Words we love to hate

by The Wardour team – May 12, 2022

Our choice of words can really affect how a message is delivered and how a business is perceived, and we all have words or phrases that we don’t like seeing and avoid using altogether. So, we asked the Wardour team to name their pet peeve words and phrases.

I've got loads, but the one that really winds me up is 'utilise'. There is no context I've ever come across where it doesn't mean exactly the same as 'use', but as so often, people choose the longer word because they think it makes them sound more intelligent. Similarly, there is never a need to write 'utilisation' – 'usage' (or 'use' as a noun) does the same job.

Tim Turner, Content Director

‘Incredibly’: this adjective should be deleted from the English language. Writers use it for emphasis, but its overuse means it does just the opposite, making anything it modifies sound insincere. I mean, if it's not credible, why should I believe you? Instead, find the right word to do the work: for instance,

instead of saying ‘I’m incredibly sad’, use ‘I’m broken’ or ‘I’m devastated.’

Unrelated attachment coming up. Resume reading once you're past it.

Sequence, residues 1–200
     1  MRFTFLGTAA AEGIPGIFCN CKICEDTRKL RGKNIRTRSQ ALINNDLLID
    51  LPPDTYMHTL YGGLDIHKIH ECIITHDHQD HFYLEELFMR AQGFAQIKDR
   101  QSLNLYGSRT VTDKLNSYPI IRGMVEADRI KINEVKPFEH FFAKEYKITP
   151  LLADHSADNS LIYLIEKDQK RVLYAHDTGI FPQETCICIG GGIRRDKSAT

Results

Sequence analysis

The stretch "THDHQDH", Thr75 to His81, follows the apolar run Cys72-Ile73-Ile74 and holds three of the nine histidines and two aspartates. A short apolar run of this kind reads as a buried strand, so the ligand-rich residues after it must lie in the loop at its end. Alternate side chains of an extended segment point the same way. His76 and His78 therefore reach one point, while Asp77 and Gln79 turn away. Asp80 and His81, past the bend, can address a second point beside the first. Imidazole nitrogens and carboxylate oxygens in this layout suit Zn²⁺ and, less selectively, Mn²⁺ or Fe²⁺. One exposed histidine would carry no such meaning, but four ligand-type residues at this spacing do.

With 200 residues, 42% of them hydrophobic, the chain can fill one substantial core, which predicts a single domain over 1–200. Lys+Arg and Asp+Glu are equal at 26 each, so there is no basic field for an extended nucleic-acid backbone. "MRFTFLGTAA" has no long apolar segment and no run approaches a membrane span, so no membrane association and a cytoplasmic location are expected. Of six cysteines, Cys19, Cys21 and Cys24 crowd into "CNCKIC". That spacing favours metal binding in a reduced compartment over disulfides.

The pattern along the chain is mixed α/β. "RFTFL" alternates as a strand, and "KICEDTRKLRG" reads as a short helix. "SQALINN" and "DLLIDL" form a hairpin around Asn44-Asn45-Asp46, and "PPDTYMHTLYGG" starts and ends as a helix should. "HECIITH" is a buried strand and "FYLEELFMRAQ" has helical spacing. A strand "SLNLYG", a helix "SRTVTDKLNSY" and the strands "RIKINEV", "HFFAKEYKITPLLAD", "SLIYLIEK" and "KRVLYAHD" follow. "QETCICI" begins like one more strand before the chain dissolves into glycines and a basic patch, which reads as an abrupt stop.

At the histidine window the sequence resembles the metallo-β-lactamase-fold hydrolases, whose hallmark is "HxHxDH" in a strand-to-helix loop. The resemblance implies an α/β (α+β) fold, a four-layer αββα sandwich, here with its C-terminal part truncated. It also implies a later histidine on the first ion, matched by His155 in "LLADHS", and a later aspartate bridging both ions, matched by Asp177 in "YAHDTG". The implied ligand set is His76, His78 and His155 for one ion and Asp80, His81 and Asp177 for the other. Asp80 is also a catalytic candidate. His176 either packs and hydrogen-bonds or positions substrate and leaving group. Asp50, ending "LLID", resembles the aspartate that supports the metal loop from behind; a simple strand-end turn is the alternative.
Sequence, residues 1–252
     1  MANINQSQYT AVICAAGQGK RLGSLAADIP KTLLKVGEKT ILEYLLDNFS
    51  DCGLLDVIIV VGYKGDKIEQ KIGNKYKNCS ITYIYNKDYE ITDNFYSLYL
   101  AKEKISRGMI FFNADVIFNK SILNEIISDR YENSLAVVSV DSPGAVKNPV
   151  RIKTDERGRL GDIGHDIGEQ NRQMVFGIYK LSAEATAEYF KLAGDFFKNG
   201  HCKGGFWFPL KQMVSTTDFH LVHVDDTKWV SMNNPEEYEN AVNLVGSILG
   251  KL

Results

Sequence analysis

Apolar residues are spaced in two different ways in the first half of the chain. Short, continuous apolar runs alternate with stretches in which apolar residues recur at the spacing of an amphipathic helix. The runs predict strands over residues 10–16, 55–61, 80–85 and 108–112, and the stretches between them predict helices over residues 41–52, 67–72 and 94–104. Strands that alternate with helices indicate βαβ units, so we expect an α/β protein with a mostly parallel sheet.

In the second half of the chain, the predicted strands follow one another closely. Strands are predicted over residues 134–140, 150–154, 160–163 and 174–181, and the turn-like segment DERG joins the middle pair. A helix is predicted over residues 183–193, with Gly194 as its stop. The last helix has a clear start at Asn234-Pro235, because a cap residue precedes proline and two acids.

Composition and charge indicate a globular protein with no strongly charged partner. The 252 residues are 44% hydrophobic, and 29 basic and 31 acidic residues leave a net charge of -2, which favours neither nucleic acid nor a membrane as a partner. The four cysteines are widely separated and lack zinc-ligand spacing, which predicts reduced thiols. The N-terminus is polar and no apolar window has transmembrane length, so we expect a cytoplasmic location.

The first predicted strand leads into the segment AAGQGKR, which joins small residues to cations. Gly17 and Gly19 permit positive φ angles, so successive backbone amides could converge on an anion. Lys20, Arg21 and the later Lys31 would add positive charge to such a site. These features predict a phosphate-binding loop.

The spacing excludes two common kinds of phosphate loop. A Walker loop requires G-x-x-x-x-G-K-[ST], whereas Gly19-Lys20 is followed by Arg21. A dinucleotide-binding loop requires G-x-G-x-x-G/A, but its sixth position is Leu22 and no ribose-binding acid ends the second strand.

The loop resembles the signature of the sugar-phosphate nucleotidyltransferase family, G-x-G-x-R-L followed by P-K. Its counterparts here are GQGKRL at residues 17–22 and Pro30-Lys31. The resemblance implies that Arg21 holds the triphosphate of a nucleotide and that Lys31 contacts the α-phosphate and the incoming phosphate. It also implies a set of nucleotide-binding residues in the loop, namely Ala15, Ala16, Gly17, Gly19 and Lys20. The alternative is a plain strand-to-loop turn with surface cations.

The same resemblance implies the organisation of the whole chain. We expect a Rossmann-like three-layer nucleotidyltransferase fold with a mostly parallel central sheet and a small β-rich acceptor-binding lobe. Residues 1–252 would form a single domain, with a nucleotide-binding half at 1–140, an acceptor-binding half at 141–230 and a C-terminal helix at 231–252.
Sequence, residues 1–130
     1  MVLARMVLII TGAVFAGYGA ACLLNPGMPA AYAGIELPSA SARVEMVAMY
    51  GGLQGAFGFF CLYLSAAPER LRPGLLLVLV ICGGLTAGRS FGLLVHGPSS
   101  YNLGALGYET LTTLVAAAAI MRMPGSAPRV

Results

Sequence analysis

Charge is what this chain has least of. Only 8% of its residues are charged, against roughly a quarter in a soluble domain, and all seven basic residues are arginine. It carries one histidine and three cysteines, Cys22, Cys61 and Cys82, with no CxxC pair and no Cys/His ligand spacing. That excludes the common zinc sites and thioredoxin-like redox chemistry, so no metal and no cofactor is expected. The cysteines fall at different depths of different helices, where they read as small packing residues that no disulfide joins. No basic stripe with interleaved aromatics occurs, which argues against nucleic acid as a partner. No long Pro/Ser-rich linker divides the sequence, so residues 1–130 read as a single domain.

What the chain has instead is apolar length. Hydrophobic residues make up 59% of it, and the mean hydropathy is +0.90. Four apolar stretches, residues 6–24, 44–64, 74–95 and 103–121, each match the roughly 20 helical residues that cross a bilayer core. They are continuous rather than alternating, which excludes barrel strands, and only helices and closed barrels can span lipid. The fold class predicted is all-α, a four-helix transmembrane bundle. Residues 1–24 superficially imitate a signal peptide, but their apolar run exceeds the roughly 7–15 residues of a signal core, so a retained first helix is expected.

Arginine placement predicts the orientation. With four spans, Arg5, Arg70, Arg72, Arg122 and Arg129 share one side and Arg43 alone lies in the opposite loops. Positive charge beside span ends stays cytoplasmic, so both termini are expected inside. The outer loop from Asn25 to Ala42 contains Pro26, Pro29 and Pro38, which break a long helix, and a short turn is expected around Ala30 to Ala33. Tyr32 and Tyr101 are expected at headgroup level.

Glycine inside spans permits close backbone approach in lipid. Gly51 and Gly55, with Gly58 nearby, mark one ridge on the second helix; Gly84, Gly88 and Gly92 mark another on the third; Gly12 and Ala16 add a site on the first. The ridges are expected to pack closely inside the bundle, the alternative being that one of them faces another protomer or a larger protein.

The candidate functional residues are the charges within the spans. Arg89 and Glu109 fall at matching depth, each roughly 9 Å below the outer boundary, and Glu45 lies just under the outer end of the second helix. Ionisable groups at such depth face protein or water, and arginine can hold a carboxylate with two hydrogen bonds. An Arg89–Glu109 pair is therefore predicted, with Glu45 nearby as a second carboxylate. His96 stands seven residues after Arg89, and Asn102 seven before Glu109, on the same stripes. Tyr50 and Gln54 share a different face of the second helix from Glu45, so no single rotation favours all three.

Leah Clarkson, Content Creator

I hate seeing a ‘z’ in a word that should have an ‘s’ in it – like ‘organization’ or ‘democratization’. Feel like it’s an Americanism that all too often creeps into British English. Yuk.

Fred Heritage, Content Creator

I have a few, and they all end in -st. ‘Whilst’ offers nothing that ‘while’ doesn’t, and the same goes for ‘amongst’ and ‘amidst’… Nothing ruins the flow of a sentence quite like it! If in doubt, keep it short.

Matt Moody, Content Creator

I don't like saying, hearing or seeing the word 'irk' in any form. It feels like such a 'non-word'. I guess you could say irk really does irk me! I also don't like 'divulge' - I much prefer reveal or disclose.

Sonia Sharma, Content Creator

Sometimes, our pet peeves words aren’t written, but are spoken…

“‘Yes, no, absolutely’.

OK it’s not a word, these are three words. But they appear all the time in business meetings, and I am guilty of using them myself. Brought to the public eye by TV show W1A many years ago, they refuse to die. They are a verbal space filler that add nothing, and they epitomise to me management-speak and an over-eagerness to please.

Martin MacConnol, Agency Founder

And sometimes, it’s not words at all that we love to hate.

“Stacking the dishwasher in a random, inefficient way; slow walkers on pavements; joggers on pavements; cyclists on pavements; anyone other than me on pavements.”

Jules Gray, Content Creator

Published May 12, 2022

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